EXCLUSIVE: Norway’s state-owned telecom, Telenor, has come under fire from rights groups and Burmese citizens for the proposed sale of its interests in the country to Lebanese outfit M1 Group and Shwe Byain Phyu, a crony conglomerate with close links to military business. Critics of the deal say that historic user data will be passed to the junta, posing a direct threat to the safety of thousands of citizens. Recently, activists highlighted that the company had installed a “Lawful Interception Gateway” to its network, further increasing snooping fears. Executives of the telecom are reportedly being refused exit by the junta’s Department of Posts and Telecommunications.
Gry Rohde Nordhus, Head of Communications at Telenor Group, has provided this comment in response to questions posed by DVB.
“The situation in Myanmar today is extraordinary. After the military took power, the country is experiencing a conflict resembling a civil war. A key reason for selling Telenor Myanmar is that we do not want to activate intercept equipment, which all operators are required to. Activation of such equipment could contravene Norwegian and EU sanctions. We need to exit Myanmar as soon as possible to prevent us from being forced to follow orders from the military that could eventually lead to serious human rights violations. As of today, Telenor Myanmar has not activated this equipment, nor will it do so voluntarily.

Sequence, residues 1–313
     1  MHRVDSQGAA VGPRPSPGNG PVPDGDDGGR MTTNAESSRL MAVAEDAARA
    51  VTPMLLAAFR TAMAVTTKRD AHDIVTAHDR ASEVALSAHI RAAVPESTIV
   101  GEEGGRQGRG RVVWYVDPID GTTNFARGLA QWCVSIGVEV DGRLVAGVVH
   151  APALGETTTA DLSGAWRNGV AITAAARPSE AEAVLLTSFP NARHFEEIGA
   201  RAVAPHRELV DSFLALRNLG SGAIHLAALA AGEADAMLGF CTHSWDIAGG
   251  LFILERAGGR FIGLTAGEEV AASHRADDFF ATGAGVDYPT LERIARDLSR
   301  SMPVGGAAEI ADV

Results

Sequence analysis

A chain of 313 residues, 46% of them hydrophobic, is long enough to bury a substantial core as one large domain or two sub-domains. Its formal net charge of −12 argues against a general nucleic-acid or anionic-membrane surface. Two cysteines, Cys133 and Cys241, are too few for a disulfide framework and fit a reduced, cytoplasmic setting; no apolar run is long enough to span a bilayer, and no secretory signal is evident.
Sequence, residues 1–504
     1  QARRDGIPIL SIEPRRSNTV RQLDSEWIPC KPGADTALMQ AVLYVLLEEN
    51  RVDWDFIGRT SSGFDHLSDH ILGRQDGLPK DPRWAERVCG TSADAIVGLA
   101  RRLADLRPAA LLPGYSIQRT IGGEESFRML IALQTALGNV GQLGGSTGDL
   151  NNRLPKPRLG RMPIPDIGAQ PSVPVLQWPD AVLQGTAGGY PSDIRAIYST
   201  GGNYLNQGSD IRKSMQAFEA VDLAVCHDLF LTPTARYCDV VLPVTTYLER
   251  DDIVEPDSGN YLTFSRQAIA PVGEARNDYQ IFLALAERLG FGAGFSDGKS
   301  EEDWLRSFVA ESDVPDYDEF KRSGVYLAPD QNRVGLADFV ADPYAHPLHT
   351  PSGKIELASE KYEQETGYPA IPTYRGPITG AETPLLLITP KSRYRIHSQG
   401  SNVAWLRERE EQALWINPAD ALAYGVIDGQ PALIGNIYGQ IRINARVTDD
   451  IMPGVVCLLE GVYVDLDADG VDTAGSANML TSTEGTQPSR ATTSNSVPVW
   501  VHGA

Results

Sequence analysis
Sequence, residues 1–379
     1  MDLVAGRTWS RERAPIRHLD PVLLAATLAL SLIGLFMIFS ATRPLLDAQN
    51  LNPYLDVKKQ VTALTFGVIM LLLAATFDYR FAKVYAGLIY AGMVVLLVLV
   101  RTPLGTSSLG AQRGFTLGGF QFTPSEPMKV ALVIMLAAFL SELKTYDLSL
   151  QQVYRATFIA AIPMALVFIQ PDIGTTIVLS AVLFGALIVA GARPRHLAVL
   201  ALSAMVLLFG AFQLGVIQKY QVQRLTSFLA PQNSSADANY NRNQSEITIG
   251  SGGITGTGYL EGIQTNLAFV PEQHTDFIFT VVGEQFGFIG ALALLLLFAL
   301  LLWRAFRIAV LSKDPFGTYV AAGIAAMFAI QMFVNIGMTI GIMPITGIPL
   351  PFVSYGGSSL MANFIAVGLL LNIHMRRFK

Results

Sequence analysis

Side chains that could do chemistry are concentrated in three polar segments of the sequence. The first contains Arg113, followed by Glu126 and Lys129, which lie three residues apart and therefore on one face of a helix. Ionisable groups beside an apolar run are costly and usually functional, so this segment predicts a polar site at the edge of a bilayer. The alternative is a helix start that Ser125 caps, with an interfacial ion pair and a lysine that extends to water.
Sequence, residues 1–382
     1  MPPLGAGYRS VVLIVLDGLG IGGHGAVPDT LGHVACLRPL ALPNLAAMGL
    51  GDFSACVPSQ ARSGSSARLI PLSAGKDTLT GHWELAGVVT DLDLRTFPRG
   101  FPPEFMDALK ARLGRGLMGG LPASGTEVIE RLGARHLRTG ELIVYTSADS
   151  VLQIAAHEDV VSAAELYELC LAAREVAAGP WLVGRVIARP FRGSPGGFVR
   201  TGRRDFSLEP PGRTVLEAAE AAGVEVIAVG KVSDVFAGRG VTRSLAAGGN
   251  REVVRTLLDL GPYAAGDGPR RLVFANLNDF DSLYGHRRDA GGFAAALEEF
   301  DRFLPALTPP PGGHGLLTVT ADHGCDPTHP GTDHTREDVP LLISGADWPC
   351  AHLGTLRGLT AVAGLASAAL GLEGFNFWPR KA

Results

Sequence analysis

No telecom company in the country, regardless of its owner, can over time maintain international standards under these circumstances, and we therefore need to leave the country as soon as possible. This is a deeply serious situation for all mobile customers in Myanmar, and the responsibility for this lies with the military authorities.
Several voices have put forward alternative paths for Telenor in Myanmar, all of which involve aspects that have even greater negative consequences than this sale. For instance, many argue that Telenor can simply delete data. The reality is that in Myanmar, traffic data is required to be stored for several years. Deleting data will be seen as sabotage, as it would violate Myanmar law. Telenor Myanmar’s data centre is in an area under martial law, where death penalty without due process is the worst consequence. Violating or not complying with local regulations enforced by the military would be seen as sabotage and is not something we would ask our employees to do.
At Telenor we value our employees and care about their safety. No employee should have to risk their life for Telenor, and we will not jeopardize the safety of our employees.
In summary, this is an incredibly demanding situation. Ever since the military took power, we have worked diligently on getting foreign employees out of the country. We have managed to get several of them out, yet there are still some who remain and are refused departure. Including a Norwegian citizen. We are in dialogue with the Norwegian Ministry of Foreign Affairs regarding this matter
Since last summer, when we wrote down the value of Telenor Myanmar to zero, the company has generated revenues and profits. Due to the uncertain situation in Myanmar, where there is an extreme situation with a violent conflict on top of an economic crisis, funds generated in Myanmar will not be recoverable for Telenor Group. The revenue and profits of Telenor Myanmar is described in Telenor Group’s 2021 report for the fourth quarter.“